Why Cultural Organizations Are Not Reaching Low-Income Visitors (DATA)

Why Programming for Low-Income Audiences are Unsuccessful

Data suggest that some types of cultural organizations are perceived as more welcoming than others. Here’s how we could do better.

With missions to educate and inspire audiences, many visitor-serving cultural organizations (e.g. museums, zoos, aquariums, theaters, symphonies, etc.) aim to serve low-income audiences in addition to their high-propensity visitors. So, just how good of a job are organizations doing when it comes to engaging lower-income audiences, and how can we make it even better?

Attitude affinities are a way of quantifying how the market perceives an organization in terms of its hospitableness and attitudes towards certain types of visitors. In summary, attitude affinities inform responses to visitor questions such as, “Is this type of organization for people like me? Do people like me ‘fit-in’ at this type of organization? Are people like me made to feel welcome and comfortable at this type of organization?” Extant data indicate a strong correlation between attitudes affinities and intentions to visit an organization. If people don’t feel welcome at an organization, then they are less likely to visit that organization.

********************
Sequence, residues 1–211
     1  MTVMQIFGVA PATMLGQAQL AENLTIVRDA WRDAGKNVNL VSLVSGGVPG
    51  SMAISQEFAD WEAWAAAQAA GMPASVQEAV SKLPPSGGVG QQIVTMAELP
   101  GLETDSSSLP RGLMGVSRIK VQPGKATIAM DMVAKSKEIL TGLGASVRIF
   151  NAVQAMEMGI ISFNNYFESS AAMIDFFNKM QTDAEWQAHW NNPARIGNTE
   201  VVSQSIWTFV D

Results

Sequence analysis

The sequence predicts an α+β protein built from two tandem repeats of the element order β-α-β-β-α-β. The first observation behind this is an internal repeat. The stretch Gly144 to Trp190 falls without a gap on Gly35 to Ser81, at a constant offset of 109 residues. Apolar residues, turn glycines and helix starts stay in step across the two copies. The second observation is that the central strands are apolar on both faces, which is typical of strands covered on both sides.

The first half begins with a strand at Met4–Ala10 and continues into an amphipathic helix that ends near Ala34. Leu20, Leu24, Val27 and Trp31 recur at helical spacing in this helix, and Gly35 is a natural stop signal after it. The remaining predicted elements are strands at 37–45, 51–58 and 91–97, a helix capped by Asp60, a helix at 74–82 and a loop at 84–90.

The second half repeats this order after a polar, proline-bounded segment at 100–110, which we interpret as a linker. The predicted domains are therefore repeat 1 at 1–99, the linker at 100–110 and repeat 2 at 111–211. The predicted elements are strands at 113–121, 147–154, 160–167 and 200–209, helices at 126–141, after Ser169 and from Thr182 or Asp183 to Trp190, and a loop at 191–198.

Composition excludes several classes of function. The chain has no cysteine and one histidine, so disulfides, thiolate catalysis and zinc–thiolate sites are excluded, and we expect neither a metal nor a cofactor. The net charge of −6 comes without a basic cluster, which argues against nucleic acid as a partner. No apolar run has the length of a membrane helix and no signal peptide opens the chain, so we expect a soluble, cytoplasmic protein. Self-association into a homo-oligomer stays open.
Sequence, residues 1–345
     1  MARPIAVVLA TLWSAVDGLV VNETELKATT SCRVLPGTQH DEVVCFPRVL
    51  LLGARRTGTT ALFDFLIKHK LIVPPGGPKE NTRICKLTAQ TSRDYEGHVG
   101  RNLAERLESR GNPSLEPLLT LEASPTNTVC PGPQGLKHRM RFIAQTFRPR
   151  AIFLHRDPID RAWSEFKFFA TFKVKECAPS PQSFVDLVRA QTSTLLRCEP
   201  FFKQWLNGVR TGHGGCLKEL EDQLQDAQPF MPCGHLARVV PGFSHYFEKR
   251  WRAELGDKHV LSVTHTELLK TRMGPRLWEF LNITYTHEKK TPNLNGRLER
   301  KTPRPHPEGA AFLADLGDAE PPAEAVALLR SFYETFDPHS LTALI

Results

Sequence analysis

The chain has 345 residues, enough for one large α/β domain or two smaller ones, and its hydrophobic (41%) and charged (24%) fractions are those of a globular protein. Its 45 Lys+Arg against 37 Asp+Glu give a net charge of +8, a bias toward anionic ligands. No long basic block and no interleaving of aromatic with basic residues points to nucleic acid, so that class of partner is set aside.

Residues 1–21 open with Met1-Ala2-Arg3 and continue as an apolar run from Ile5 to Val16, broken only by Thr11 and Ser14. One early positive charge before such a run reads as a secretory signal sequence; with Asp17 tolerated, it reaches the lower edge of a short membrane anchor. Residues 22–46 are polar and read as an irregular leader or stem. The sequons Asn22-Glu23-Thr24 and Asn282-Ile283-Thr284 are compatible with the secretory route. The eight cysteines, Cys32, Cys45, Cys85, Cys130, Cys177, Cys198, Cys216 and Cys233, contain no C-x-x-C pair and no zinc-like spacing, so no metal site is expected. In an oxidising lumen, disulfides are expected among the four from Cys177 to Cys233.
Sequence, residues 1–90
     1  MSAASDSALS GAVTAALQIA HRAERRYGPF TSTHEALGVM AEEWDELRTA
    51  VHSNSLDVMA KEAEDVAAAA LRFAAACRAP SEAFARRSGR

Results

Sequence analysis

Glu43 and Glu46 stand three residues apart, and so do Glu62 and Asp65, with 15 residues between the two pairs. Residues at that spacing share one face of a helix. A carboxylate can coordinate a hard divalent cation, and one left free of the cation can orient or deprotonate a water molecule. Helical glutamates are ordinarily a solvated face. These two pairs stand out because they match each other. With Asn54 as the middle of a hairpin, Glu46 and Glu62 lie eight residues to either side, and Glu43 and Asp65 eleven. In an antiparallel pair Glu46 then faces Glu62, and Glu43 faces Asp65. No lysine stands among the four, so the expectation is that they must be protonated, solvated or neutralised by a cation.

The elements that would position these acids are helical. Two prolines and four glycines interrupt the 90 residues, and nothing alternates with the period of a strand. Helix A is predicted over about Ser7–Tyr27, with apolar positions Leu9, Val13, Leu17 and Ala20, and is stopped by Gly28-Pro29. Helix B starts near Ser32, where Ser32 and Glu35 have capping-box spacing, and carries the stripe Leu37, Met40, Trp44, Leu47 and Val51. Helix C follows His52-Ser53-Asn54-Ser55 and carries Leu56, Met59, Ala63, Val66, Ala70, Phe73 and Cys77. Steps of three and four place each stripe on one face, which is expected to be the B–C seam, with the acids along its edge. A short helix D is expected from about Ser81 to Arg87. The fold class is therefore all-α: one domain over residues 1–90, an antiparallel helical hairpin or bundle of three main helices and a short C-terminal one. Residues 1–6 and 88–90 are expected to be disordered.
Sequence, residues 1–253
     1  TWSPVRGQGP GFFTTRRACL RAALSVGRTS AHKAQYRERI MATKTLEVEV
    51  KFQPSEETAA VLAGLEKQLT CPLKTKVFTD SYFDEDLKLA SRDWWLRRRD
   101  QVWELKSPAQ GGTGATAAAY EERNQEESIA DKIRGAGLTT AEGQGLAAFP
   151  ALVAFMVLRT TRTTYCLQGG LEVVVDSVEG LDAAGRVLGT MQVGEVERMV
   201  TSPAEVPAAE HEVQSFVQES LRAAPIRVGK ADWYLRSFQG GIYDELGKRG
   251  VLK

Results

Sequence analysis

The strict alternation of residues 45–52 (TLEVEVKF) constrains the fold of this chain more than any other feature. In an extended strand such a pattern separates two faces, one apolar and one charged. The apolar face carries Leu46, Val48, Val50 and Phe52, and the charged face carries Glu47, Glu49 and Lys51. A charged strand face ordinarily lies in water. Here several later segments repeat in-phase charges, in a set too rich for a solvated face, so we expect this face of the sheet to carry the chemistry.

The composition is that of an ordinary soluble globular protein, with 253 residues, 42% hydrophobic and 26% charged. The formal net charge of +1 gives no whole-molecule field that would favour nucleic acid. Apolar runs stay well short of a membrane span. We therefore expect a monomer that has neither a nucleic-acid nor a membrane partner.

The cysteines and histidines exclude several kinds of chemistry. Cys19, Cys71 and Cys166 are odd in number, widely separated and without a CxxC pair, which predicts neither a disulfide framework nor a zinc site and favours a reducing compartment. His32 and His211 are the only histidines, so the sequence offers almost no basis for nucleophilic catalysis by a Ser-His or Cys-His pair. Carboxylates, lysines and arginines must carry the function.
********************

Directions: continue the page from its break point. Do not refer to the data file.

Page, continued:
IMPACTS quantifies attitude affinities on a 1-100 continuum, whereby the higher the value, the more welcoming (or greater affinity) a visitor perceives the organization. Data indicate that intentions to visit decline when attitude affinity-related metrics drop below 63 on this 100 point continuum. Due to this observed decline in intentions to visit, persons reporting attitude affinities ≤62 are generally not considered to be likely visitors because they do not feel welcomed by the organization.

Certain types of organizations seem to struggle more with negative attitude affinities as a barrier to onsite engagement than do others. Before we dive into the data, it is worth noting the attitude affinities have nothing to do with content – these are not measures of if people prefer animals to art. These are measures of peoples’ perceptions of feeling welcome at any organization. In other words, some organizations may defensively blame these numbers on a phenomenon innate to their content, but that’s generally not the case. After the data, I’ll discuss this a bit more. For now, let’s dive in!

 

IMPACTS - Art museum attitude affinities

As represented in the above chart, 552 of the 1,385 person sample population (39.86%) indicate attitude affinities ≤62 – suggesting that for four of 10 adults, a perception of not feeling welcome at an art museum poses a significant barrier to their onsite engagement. Remember: these metrics don’t even begin to contemplate other barriers like content interest/relevance, transportation, or schedule (a key barrier for general audiences). Out of the gate, four of 10 members of the US market don’t feel welcome in an art museum. But, hey, it’s not just art museums…

 

IMPACTS - History museum attitude affinities

510 of the 1,372 person sample population (37.17%) indicate attitude affinities ≤62. The data indicate that history museums are perceived to be slightly more welcoming to lower income audiences than are art museums.

 

IMPACTS - Science museum attitude affinities

448 of the 1,390 person sample population (32.23%) indicate attitude affinities ≤62 – suggesting that for approximately three of 10 adults, a perception of not being welcome at a science museum or science center poses a significant barrier to their onsite engagement.